The Scars Project is a collaborative mixed-media project by Lee Fearnside (photography) and James Rovira (poetry) that both records and artistically represents the visible effects of long-term trauma upon the human body, particularly skin. A full prospectus is below, with three images following.
The following table organizes details of the heads of the tyger featured at the bottom of Blake’s poem “The Tyger” in the different copies available at The William Blake Archive. There are thirteen images in all available at The William Blake Archive, which is a around half of all known copies of the Songs of Innocence and of Experience and none of the individual copies of the Songs of Experience. The William Blake Archive is an open-access, well-organized, and professionally presented repository of Blake’s visual works. The editors and their staff work very hard to provide as much material as possible and are adding to the archive regularly. You can learn more about The William Blake Archive by visiting its “About” page.
The images below are arranged chronologically by category. The taxonomy, alas, is my own. Since “Psychedelic” refers to color, all images under this column are found in other columns. Copy AA appears under both “Bashful” and “Happy,” because the expression is a bit enigmatic to me, while I was tempted to put Copy L, currently under “Sad,” in its own category, “Tired.”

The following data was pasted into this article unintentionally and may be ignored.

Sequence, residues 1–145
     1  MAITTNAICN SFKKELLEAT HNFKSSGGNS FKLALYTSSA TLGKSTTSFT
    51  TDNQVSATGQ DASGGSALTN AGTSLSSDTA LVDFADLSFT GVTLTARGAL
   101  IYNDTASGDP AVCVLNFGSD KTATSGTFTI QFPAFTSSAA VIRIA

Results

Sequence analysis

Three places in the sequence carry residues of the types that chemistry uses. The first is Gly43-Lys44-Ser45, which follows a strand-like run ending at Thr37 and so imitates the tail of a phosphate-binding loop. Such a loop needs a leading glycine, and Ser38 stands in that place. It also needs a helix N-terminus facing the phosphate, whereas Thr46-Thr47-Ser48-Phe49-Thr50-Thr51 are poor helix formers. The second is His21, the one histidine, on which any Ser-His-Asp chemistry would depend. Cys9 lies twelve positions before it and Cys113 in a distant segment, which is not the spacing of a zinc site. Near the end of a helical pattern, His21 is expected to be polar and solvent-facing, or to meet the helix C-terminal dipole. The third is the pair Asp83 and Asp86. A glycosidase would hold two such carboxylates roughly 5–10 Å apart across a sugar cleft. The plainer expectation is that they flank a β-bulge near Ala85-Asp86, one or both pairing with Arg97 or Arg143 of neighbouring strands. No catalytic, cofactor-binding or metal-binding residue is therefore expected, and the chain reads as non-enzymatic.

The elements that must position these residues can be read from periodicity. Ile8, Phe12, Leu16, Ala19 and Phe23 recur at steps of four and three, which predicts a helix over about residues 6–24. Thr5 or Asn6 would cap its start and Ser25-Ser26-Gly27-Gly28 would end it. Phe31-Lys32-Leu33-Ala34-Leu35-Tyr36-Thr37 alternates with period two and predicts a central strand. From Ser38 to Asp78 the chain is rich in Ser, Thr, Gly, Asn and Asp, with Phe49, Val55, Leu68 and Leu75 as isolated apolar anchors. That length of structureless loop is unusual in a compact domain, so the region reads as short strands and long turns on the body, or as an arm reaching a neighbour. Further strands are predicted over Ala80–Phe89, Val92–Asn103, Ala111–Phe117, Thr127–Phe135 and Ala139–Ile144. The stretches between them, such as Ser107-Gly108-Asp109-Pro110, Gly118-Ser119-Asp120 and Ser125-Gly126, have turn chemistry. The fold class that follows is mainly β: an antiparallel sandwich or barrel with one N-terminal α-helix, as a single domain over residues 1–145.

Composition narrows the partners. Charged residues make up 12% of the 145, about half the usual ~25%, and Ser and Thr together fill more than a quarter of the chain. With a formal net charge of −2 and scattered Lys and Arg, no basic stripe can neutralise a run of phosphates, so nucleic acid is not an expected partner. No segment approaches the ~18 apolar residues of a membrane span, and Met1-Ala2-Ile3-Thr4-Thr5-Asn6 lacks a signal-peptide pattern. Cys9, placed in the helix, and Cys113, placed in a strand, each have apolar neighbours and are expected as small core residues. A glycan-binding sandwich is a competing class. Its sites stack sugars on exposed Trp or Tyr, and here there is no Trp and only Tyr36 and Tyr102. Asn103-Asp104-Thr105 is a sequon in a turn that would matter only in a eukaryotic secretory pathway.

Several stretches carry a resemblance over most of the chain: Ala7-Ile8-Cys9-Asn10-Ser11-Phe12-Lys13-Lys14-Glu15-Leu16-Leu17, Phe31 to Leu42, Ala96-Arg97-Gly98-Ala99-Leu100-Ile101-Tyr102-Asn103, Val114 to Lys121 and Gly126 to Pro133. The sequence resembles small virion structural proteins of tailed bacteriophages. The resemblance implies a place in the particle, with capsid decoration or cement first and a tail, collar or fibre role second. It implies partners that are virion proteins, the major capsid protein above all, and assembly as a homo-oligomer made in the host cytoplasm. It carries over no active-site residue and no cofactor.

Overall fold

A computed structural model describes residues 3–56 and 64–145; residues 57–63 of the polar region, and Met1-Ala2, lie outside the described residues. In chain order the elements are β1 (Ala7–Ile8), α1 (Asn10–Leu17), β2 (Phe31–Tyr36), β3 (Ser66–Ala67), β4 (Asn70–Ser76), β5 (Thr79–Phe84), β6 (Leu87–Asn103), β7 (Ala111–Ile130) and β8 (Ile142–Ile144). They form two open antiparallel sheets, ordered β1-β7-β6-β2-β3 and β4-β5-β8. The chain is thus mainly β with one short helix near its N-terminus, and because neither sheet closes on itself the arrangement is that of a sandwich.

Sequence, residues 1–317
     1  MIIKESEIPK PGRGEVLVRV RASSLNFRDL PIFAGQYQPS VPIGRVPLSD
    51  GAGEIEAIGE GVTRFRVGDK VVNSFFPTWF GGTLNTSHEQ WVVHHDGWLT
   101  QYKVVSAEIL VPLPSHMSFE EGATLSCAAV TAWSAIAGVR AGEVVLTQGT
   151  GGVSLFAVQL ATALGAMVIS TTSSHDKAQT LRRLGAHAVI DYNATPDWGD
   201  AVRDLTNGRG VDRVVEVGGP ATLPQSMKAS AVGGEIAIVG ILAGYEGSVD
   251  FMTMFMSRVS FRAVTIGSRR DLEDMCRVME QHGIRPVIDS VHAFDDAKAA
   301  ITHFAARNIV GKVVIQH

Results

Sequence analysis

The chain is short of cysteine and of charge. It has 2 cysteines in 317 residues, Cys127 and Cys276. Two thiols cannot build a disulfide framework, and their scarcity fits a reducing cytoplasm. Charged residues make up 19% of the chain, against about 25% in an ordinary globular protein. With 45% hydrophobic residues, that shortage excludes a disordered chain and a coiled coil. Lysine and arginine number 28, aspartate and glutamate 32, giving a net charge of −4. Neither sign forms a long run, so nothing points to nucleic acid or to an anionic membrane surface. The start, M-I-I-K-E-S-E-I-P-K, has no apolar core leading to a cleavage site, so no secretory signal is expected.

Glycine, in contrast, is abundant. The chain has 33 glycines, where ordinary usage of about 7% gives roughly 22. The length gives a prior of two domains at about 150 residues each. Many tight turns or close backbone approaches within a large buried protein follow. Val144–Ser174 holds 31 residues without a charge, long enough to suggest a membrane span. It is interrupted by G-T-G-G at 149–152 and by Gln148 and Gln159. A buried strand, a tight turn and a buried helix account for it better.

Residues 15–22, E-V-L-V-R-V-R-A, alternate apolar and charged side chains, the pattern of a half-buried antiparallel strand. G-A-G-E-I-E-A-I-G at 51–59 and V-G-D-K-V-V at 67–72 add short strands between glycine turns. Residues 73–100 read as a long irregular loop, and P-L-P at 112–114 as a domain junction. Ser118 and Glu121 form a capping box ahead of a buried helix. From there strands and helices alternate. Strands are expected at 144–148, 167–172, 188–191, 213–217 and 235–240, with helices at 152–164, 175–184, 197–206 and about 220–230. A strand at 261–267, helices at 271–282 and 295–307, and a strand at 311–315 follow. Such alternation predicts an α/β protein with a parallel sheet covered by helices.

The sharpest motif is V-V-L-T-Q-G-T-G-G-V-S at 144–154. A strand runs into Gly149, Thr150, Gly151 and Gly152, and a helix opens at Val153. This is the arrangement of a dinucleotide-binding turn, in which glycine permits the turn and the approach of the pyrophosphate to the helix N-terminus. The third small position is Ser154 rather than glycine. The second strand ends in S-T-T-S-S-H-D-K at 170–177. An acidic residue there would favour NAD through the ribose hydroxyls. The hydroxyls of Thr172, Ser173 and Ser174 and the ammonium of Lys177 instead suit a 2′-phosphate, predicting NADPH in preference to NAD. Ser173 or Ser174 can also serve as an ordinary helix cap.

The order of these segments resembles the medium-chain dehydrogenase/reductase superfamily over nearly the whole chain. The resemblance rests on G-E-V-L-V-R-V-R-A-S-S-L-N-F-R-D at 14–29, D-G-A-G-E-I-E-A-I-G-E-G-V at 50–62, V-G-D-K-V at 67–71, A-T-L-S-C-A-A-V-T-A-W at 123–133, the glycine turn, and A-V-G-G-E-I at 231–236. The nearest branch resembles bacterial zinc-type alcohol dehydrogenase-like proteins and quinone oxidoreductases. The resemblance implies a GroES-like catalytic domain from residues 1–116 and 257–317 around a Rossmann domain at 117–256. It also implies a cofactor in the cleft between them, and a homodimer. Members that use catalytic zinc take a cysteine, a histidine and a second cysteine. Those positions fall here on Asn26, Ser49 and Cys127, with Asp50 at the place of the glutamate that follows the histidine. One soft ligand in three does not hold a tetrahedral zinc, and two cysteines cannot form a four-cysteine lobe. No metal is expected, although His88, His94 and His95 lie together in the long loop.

The facial expression of Blake’s tyger has been a matter of some critical discussion over time. You might notice that the majority of the images below fall under the heading “Happy,” which seems inconsistent with the description of the tyger in the text of the poem “The Tyger.” My immediate impression is that Blake is deliberately using the drawing in these instances to provide an ironic visual counterpoint to the poem’s description of a fearsome tyger, but such a statement would diffuse the tension, power, and questioning of the poem almost completely — if the tyger (and by extension nature) isn’t that fearsome after all, then stanza five’s closing question, “Did he who made the lamb make thee?” is easily answered, and we are returned to the innocence of the child speaker in “The Lamb.” This reading is certainly possible, but it seems to thoroughly invalidate the force of “The Tyger” with a wry grin, a possibility I find difficult to fully accept at present. I’ve also wondered out loud about the possibility that Blake was following bad taxidermic models for some reason, but that’s only speculation.
To facilitate discussion, I thought it might be useful to provide side-by-side images of just the heads so organized. I may add summaries of this critical discussion to this post when I’m near my Blake books again. You can view all plates side by side at the Blake Archives’s comparison page for this poem.
A Prezi: Contexts for William Blake’s Songs of Innocence and of Experience.
If you’ve never viewed a Prezi before:
1. “Prezi” is short for “presentation” — think of it like a live, online PowerPoint.
2. Once you click the “start” button in the middle of the page it’ll just sit there. There’s a button at the bottom right hand corner of the page that allows you to let it autoplay and to set the time delay from one element to the next. The Prezi will move from one circle to the next, left to right.
3. You can zoom in or out — and very closely — onto any individual element.
One of my first attempts at a Prezi. Song: “William Blake” by Daniel Amos.